Book Review – ‘The Breathing Cure’ by Patrick McKeown

The Breathing Cure by Patrick McKeown

Review of ‘The Breathing Cure’ by Patrick Mckeown

“Mouths are for eating, and Noses are for Breathing.”

Firstly, I will say that I struggled to read ‘The Oxygen Advantage’ as it focused on high performance and athletes. This book is where is addresses that problem and puts his focus on different conditions and issues that breath health can improve.

I loved that he put all the exercises at the beginning! I’ve been focusing on improving my ‘BOLT’ (Blood, Oxygen, Level, Test) Score by practising the breath holds and progressing to breath holds whilst walking, and it has improved my score.

If you were to go no further into the book, you would still have acquired the essential information about functional breathing.

The question I get asked the most in my Breathwork classes is, ‘I thought it was better to breathe through the nose. Why are we mouth breathing?’ The answer is that when we’re doing Conscious Connected Breathing, we’re focusing on the biochemical aspect of the breath. We’re changing our blood composition to achieve an altered state of consciousness. This breathing method wouldn’t be appropriate for everyday life – ‘The Breathing Cure’ is the book to use for that functional breath.

He splits functional breathing into three different dimensions;

  1. Biochemical – your breath can change your body ph levels
  2. Biomechanical – what muscles are you using? Are you breathing efficiently?
  3. Cadence – how fast are you breathing?

He surmises that most of us in the modern world have a breathing problem – we’re either mouth breathers, breathing too fast or a combination of both. And this is leading to all sorts of issues among us modern-day humans, from general fatigue and poor concentration to heartburn, panic attacks and migraines.

It makes sense when you read the book that breathing is the primary energy source for our body, and we don’t even think about it.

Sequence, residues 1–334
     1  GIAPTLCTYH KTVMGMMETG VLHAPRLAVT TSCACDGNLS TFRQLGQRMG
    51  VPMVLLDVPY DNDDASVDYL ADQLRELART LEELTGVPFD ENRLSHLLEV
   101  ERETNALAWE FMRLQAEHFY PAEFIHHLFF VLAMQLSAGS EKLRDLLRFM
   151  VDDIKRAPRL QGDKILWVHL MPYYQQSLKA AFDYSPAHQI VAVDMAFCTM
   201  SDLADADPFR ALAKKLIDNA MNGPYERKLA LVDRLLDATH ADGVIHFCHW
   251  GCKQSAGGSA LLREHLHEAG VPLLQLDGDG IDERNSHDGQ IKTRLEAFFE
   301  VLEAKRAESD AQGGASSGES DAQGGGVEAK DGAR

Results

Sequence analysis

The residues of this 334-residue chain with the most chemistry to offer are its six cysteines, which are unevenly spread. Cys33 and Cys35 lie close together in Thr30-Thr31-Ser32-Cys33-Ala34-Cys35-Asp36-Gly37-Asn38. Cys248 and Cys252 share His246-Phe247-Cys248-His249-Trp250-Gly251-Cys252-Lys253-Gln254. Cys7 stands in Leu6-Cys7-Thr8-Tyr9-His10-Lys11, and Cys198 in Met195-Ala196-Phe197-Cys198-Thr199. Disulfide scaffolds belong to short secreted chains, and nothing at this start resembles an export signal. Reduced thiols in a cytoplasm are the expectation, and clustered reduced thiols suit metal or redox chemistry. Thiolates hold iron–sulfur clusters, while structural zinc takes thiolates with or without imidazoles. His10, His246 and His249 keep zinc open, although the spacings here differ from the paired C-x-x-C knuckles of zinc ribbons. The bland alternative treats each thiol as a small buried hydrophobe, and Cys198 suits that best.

Mouth Taping

The book talks about why mouth breathing is so bad for us. Nasal breathing performs at least 30 functions for us – the most important of these are oxygenating the blood, organs and cells. Breathing through the nose filters and warms the air before it enters the lungs. The best way to breathe is in and out through the nose. Your nose is also the first line of defence of your immune system, a molecule called ‘Nitric Oxide’ is made in the back of the nose. The concentration is 100 times higher in the back of the nose than further down the airways. Nitric Oxide has many functions, from vasodilatory to pulmonary blood flow to local host defence. 

To achieve more profound and more prolonged sleep, he says we should tape our mouths up during sleep. You can buy a special tape called ‘myotape’ for this. I’ve tried it, and it does make a difference. If the thought of taping your mouth up during the night scares you, you need to do it, and it will help calm your nervous system down.

So what about the exercises?

The exercises are easy to do, but they make you uncomfortable – he likes us to feel air hunger. I guess it’s a bit like intermittent fasting – you must experience hunger for many good bodily mechanisms to kick in.

I’ve been practising them, and I am noticing a difference: I can now hold my breath longer, and my BOLT score has improved (you’ll be surprised at how bad your BOLT score is when you first start).

The book then describes conditions such as asthma, sexual problems, sleep problems, diabetes, and epilepsy – all conditions optimal breathing can improve.

I found the section on the female hormones particularly interesting; yes, we females breath differently from men, and we breathe differently at different times in our monthly and life cycles. He shows how paced breathing can help to reduce menopause symptoms.

This book has given me a good understanding of the difference between breathing functionally and connected breathing – both are so good, but for different reasons and outcomes.

I’ve now got a much greater understanding of how breathing can affect so many functions of our bodies – we need to breathe correctly. Through practising the exercises myself, I’ve improved my functional breath.

The Breathing Cure by Patrick McKeown
The Breathing Cure, by Patrick McKeown

Read this book if you have a particular interest in breathing. It has given me a deeper understanding of the breath and the broad-reaching issues that it can help.

It’s also given me a clear understanding of how to breathe optimally and what exercises to do to calm my central nervous system.

This book is for you if you have conditions such as asthma or any sleep problems – but prepare to go deep!

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